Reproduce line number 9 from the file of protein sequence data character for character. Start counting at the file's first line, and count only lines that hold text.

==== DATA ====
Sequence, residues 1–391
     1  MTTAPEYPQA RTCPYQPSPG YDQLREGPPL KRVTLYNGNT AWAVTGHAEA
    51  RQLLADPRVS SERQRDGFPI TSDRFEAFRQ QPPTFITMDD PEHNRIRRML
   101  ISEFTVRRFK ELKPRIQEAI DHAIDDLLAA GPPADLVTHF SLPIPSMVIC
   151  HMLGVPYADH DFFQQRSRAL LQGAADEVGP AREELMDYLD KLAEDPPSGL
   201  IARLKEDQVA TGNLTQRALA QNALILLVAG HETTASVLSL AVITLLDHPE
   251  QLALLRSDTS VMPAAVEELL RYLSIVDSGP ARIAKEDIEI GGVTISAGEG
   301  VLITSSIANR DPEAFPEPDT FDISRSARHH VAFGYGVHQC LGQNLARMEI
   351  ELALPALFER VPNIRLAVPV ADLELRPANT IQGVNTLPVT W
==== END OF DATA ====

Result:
   351  ELALPALFER VPNIRLAVPV ADLELRPANT IQGVNTLPVT W